One trend on display at this year’s CES is what I would describe ‘humanless retail’, where technology is used to sell physical goods to consumers without the help of humans.

Of course, this trend isn’t new. 2017 brought us a bunch of new ideas for taking the human out of the retail transaction by using machine vision/AI, IoT and more. What I saw on the show floor in Vegas is just a continuation of these concepts.

For example, last year we hear a lot about Amazon Go, a store concept where customers walk in and out without ever talking to a cashier. And this week, we saw the startup version of this in AIPoly, a company which offers a machine vision and sensor platform to create what the company calls “autonomous markets”.

Just as with Amazon Go, AIPoly customers register with the “store” and are identified as they walk in (or up to in the case of a kiosk) through facial recognition. The store then registers a purchase as the machine vision recognizes the products they pick off the shelves.

Below is a pic of the demo the company was showing off at CES.

And then there’s the Qvie, a single-product micro-vending machine that is essentially a connected lockbox version of the booze fridge in the Hilton. Qvie is targeted at the Airbnb host as a way to enable additional revenue through in-room sales, a trend that seems almost inevitable as Airbnb becomes a more and more viable alternative to hotel stays.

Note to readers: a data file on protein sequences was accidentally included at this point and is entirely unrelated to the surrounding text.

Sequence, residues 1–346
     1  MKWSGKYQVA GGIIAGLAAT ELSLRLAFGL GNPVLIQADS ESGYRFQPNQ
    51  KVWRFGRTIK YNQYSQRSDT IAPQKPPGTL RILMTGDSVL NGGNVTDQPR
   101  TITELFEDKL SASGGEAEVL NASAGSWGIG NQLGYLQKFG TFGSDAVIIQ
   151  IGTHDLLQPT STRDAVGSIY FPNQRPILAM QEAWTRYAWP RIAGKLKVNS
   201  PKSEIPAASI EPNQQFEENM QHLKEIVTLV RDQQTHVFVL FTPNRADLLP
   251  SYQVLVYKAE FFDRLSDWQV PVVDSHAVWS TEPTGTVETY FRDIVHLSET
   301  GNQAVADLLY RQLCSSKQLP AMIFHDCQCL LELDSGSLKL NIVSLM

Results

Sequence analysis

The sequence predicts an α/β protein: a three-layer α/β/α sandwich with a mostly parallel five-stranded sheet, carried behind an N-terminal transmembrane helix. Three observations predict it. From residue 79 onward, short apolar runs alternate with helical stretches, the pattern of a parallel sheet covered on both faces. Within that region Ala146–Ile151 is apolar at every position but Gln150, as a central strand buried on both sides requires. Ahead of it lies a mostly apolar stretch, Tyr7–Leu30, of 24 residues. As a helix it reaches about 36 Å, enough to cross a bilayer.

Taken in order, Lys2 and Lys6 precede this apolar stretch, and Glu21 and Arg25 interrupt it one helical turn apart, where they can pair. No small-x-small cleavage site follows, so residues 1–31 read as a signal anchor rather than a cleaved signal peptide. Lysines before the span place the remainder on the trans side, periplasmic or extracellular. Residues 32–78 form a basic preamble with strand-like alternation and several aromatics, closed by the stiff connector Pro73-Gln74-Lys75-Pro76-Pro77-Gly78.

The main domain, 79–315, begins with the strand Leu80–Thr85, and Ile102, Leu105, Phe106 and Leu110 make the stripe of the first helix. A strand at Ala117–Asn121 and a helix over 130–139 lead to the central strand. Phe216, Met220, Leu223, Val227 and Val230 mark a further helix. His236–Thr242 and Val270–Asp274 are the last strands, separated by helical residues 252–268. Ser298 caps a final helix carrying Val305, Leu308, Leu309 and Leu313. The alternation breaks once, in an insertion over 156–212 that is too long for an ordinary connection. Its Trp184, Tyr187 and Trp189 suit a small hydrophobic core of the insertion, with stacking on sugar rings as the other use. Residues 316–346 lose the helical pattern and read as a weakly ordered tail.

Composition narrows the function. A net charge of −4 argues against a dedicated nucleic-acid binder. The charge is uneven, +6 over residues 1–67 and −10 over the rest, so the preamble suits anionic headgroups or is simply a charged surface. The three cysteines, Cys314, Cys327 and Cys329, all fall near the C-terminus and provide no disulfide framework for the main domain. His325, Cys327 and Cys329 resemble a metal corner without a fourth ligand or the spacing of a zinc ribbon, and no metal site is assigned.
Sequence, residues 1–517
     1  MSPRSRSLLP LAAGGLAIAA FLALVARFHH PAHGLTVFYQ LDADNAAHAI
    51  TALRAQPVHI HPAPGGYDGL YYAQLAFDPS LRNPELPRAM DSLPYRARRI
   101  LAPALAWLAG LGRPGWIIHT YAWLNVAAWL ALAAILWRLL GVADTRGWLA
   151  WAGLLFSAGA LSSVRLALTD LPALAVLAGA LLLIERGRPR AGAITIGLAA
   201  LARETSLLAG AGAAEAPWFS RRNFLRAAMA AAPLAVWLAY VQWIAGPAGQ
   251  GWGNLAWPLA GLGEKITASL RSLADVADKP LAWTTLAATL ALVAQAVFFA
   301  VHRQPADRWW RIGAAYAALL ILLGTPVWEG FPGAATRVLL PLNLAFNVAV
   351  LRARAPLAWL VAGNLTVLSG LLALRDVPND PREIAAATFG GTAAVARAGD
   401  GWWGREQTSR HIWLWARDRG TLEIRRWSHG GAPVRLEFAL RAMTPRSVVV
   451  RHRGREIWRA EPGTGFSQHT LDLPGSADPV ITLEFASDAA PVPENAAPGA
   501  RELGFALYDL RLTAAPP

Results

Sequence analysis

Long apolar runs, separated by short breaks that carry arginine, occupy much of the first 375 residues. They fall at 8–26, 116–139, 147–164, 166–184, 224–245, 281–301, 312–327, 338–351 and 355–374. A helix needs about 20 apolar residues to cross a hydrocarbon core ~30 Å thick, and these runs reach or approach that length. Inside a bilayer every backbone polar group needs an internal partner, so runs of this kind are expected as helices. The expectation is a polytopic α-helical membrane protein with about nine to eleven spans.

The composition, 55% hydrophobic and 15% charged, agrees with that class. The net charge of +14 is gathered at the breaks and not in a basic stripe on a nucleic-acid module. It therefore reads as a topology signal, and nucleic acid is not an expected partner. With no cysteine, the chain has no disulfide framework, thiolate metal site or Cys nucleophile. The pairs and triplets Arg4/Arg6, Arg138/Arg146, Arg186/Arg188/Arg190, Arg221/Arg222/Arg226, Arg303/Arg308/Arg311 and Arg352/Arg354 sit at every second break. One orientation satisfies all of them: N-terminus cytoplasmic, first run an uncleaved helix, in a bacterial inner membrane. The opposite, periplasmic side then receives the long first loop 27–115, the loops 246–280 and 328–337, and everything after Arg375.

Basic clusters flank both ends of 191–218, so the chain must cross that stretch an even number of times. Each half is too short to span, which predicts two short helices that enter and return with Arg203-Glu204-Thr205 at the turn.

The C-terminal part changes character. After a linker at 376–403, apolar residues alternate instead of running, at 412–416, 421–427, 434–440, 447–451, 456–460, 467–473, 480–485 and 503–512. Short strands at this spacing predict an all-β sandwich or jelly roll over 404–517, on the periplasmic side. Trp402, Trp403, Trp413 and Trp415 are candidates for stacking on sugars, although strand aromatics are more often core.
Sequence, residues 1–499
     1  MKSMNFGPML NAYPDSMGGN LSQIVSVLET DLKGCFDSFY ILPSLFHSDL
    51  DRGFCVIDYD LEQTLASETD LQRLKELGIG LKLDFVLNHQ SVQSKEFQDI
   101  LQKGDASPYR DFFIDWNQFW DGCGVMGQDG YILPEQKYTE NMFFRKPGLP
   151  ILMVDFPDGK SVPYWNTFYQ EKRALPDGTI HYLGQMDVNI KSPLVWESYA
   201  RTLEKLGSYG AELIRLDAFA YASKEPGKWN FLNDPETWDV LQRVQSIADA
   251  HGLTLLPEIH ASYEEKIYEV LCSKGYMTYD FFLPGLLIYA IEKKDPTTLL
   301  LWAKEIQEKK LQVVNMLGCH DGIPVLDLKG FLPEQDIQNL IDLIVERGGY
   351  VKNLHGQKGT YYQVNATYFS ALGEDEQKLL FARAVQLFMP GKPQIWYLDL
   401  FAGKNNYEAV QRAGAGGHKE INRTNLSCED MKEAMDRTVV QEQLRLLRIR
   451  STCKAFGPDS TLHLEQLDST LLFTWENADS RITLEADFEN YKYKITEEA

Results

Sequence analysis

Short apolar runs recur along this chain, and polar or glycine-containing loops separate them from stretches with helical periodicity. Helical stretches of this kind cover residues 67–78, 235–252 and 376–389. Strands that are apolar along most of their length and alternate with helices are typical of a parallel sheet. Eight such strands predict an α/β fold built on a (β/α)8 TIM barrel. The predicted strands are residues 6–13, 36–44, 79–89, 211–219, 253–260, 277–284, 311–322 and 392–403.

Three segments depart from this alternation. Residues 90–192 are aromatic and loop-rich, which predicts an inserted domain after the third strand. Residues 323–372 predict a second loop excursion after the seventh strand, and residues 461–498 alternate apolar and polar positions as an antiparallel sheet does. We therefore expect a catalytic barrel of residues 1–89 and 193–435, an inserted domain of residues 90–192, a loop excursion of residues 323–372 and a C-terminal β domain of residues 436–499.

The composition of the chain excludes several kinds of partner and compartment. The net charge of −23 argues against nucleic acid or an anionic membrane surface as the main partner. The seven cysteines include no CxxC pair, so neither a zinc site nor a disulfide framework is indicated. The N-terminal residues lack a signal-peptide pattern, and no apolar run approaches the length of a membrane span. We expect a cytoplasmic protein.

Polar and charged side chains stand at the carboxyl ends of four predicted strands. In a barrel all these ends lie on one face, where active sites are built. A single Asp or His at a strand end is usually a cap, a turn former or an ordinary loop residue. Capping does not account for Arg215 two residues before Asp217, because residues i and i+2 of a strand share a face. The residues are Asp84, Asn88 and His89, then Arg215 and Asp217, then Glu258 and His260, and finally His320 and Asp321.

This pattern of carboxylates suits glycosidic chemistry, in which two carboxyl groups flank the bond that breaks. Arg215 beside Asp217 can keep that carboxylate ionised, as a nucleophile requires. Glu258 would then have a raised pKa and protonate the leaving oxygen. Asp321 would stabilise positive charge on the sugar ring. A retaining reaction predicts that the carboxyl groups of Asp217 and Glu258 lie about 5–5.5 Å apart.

Finally, there’s Robomart, which can best be described as the love child of the controversial Bodega and an autonomous automobile.  The vision behind Robomart is a retailer such as 7-11 or Target would lease a fleet of Robomarts, stock them, and then bring the store to the consumer’s home. While it’s not exactly the same as Zume Pizza delivery trucks, it does something similar in making the retail location less relevant by bringing the point of presence closer to the consumer.

Robomart CEO Ali Ahmed told me he expects the first Robomarts to be available this year, which strikes me as extremely ambitious since the company is still raising funding to build out its vision. A mobile autonomous car-store combo doesn’t strike me as something you can do cheaply.

These are just three ideas I ran across in a couple hours on the floor at CES, enough to make clear that humanless retail is going to be much in 2018. The question for me is, will humans buy the idea of humanless retail, or is this just another case of Silicon Valley getting ahead of itself as it looks for addressable markets to apply new tech like AI, robotics and IoT?

The answer is yes, humanless retail is going to big. Sure, there will be lots of companies floating in the humanless retail startup deadpool before it’s all said and done (this is the case with pretty much every startup market in case you haven’t noticed), but the reason I think many of these early ideas will become much bigger and common is they’re simply evolutionary steps of what we’ve been seeing for decades and with much more rudimentary technology.

The self-service checkout at the grocery store, vending machines in your office, and the booze fridge in your hotel room are all innovations aimed at selling things to people without the need for another person to take money and put something in a bag. The only difference with these new ideas is the latest technologies to make humanless retail more convenient than ever before.

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